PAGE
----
Monday, August 08, 2016

Twins, Triplets and Siblings at Rio 2016

A majority of Chinese people, I feel, look like identical twins.

And, if Chinese identical twins are playing against you, in Badminton at Rio 2016 Olympics, I’m sure, it could be a bit unnerving.

As I watched Luo Ying and Luo Yu, the twin sisters from China, playing against US team, those were my thoughts.

Estonian Triplets Liina, Lily and Leila Luik who ran in Women's Marathon
The girls did not, however, make it to semis and finals, but they recognize their collective advantage. One of the twin sisters reportedly said once, “Our opponents get confused – psychologically, it’s a big advantage for us as they cannot plan against us individually. Even our teammates and coaches cannot tell us apart sometimes.”

Interestingly, when I thought of researching about this Olympics’ twins, triplets and siblings, I was shocked to discover the number!

There are, apparently, 36 sets of siblings participating in Rio 2016 Olympics (according to And it set me thinking on the advantages and disadvantages the siblings have, on their journey to Olympics.

Among the advantages, I feel, is the convenience which siblings offer parents. Transporting siblings to their training venues, ensuring they have common training regimens, and feeding them according to common diet plans, would be easy!  Even updating them on sports-data would be easy!

As you read this, a furious debate is raging across Germany on the twin sisters who held hands and smiled as they crossed the finishing line, of Rio’s Marathon for women.

Anna and Lisa Hahner came 81st and 82nd making their sports officials angry and upset.

The sports officials say the twins’ performance was more than 21 minutes behind the winning time and 15 minutes short of their personal bests. If the twins had not thought of themselves ‘together’, they could’ve run better!

But sisters say it was a "magical moment", and they don’t care about accusations of ‘self-promotion’. After all, they say, they received "zero euros funding" from the German Athletics Association.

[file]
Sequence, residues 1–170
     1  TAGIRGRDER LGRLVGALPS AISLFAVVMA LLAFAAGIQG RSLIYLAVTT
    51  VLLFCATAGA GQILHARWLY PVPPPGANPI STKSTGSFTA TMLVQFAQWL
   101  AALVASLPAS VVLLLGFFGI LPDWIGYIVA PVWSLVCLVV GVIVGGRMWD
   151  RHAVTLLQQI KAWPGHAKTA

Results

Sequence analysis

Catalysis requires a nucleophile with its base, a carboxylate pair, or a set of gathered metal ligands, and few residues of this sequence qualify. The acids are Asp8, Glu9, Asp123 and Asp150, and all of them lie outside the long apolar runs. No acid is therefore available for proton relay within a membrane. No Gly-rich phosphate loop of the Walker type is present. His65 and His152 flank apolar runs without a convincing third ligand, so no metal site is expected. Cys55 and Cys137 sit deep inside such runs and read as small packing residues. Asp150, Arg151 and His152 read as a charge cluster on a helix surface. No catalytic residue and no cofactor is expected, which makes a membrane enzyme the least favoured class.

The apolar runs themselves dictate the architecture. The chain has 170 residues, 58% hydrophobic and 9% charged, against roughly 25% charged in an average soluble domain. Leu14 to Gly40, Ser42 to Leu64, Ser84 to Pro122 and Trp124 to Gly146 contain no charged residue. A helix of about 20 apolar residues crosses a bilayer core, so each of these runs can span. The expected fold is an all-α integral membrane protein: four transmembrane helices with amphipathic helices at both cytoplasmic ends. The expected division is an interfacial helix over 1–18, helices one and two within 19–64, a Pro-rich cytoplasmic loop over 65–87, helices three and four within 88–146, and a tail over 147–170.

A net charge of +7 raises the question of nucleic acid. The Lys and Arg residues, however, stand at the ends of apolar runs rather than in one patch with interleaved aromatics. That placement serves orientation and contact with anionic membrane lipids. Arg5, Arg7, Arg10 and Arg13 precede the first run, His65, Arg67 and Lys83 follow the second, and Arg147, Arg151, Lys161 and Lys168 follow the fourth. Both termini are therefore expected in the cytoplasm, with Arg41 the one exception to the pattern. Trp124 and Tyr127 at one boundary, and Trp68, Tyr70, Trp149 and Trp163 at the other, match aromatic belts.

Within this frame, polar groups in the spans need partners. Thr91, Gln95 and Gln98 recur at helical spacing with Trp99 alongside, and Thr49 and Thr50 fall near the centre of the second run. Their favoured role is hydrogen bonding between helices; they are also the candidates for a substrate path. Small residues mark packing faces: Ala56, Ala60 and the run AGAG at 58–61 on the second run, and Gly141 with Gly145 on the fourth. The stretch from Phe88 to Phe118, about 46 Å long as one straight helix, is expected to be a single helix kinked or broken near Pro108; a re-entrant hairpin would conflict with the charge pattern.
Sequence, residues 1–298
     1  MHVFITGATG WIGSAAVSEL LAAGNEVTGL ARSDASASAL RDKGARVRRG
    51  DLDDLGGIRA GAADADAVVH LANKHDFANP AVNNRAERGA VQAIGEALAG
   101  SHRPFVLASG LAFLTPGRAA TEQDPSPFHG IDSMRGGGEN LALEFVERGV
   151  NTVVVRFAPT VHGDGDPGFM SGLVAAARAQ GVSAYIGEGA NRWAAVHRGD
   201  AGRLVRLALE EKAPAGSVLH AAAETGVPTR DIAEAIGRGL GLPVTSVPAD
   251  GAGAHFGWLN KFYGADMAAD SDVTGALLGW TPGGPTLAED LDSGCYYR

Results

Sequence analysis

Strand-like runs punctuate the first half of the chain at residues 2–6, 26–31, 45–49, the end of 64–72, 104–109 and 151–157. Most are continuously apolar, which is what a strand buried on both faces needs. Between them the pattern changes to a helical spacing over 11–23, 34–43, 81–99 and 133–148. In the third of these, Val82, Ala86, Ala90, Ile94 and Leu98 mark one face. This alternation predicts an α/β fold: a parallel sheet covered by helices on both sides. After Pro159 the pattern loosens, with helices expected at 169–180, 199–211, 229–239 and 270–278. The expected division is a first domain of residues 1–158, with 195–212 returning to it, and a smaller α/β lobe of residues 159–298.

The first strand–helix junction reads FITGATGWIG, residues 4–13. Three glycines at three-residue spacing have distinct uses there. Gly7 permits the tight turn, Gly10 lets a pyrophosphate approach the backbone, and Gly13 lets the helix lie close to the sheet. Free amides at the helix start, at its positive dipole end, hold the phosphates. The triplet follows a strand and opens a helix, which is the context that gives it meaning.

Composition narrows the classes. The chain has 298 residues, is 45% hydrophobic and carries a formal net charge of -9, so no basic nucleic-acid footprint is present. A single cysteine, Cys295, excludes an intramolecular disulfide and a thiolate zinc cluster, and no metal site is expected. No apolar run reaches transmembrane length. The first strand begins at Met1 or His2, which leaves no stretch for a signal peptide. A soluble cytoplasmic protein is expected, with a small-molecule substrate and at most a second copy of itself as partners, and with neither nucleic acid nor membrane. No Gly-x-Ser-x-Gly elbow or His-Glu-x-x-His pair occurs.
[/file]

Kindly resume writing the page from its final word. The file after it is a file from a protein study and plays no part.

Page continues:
No one is paying attention, however, to North Korean twin sisters - Kim Hye-song and Kim Hye-gyong - who finished 10th and 11th respectively in the same event.

The triplets from Estonia - Leila, Liina and Lily Luik - made Olympics history by participating in the same women's marathon. Sadly, while Lily came 97, and Leila came 114, Liina did not complete the race.

Sanne Wevers  and her twin sister Lieke competed in gymnastics for the Netherlands. Sanne even beat the hot favorite, USA’s Simone Biles, by winning gold in the balance beam final.

Felipe and Daniel Sancery are twins too, on Brazil's men’s rugby team. And so are twin sisters Katherine and Michelle Plouffe on Canada's basketball team.

Tennis was represented by two famous siblings, USA's Venus and Serena Williams, and Great Britain’s Jamie and Andy Murray.

Unfortunately, the Murrays lost their first match in Rio and failed to advance as a team — but Andy won the gold in men's singles.

The Williams sisters were knocked out of the tennis doubles competition in a shocking upset, and from a, probable, fourth Olympic gold.

Sadly, both sisters crashed out of singles tournament too, but Venus, won the silver medal in mixed doubles. Age is perhaps catching up.

Japan’s table tennis squad had three sisters, Ai Fukuhara, Mima Ito and Kasumi Ishikawa, and even Egypt had Omar and Amro El Geziry, the first brothers to compete in modern pentathlon in the same Olympic Games.

If you are twins, triplets and siblings, training in sports, I surmise, you must aim nothing shorts or Olympic medals!